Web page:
Wikipedia has undergone further sanitizing of the philosophical underpinnings of what it means to be a “natural born citizen” as the Constitution requires for U.S. presidents, the latest in an ongoing “edit war” at the online encyclopedia.
In the most recent development, an unnamed “editor” deleted in its entirety a section of a Wikipedia entry for Swiss legal philosopher Emmerich de Vattel, whom Founding Fathers such as Benjamin Franklin have credited for his influence on early American policy formation.
The deleted segment, titled “USA Constitution,” had included a reference to de Vattel’s 1757 treatise “The Law of Nations,” which defined natural-born citizenship as “those born in the country, of parents who are citizens.”
Before the edit
The now-removed section also had noted the U.S. Constitution’s use of the phrase “the law of nations.”
Wikipedia’s de Vattel entry likewise paired the phrase with the philosopher’s citizenship definition followed by the Constitution’s overall candidate requirements for the presidency.
According to an auto-generated Revision History accompanying the entry, the anonymous editor deleted the USA Constitution section on May 2.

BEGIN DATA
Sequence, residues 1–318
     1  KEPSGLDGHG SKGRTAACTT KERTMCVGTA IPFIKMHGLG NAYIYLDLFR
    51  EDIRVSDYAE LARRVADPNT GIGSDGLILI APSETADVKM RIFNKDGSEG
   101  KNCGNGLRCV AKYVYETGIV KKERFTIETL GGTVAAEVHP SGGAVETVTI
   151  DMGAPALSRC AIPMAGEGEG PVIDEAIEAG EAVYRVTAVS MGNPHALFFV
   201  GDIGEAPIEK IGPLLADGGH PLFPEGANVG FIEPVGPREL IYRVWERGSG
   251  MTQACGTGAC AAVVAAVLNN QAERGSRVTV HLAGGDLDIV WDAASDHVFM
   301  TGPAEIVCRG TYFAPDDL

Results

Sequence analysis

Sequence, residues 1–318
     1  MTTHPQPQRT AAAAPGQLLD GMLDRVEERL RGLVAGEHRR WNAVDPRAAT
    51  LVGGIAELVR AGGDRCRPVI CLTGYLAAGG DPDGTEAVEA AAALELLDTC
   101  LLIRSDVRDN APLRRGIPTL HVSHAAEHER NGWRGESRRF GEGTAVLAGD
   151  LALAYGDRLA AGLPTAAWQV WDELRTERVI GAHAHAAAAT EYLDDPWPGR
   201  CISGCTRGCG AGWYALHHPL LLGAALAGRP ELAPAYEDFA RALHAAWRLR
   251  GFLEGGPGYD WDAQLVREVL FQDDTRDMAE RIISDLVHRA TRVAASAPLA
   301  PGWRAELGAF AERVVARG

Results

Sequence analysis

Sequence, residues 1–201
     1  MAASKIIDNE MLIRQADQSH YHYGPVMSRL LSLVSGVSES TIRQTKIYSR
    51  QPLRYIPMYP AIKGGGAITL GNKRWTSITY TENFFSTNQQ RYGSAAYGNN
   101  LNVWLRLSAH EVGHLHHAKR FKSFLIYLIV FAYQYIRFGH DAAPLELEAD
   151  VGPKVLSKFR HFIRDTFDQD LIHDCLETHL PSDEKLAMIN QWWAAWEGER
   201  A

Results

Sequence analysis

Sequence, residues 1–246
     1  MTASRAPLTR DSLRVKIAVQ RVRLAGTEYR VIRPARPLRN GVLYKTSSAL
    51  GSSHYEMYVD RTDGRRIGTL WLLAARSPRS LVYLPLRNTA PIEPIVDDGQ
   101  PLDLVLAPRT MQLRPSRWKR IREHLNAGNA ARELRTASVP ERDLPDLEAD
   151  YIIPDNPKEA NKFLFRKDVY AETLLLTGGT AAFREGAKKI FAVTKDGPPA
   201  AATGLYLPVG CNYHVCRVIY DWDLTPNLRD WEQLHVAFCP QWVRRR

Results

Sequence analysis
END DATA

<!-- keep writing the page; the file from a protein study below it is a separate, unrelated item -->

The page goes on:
The editor justified changing the separate, de Vattel entry with this brief explanation: “Removed misformatted section, misapplying a quote to provide NPOV support to birtherism.”
The acronym NPOV, according to Wikipedia’s own definition, is “Neutral point of view ‘NPOV’ (journalism), a stance or tone that is free from bias…”
After the edit
The person who changed the listing sought additional affirmation for his or her decision, inserting in the Revision History page the extra comment, “Moderator support requested.”
That same editor first modified the de Vattel entry on April 30, denouncing the paired inclusion of constitutional presidency requirements and references to de Vattel as “a naked attempt to validate Birtherism (and therefore NPOV)…”
A request made to Wikipedia for comment on this process was not answered as of press time.
The back-and-forth process of deleting and re-inserting the same information has been a source of angst for some of Wikipedia’s volunteer citizen-editors.
Indeed, one commenter on the history revision page exhorted participants to cease this information – or disinformation – campaign with the simple cry: “Let’s stop this edit war.”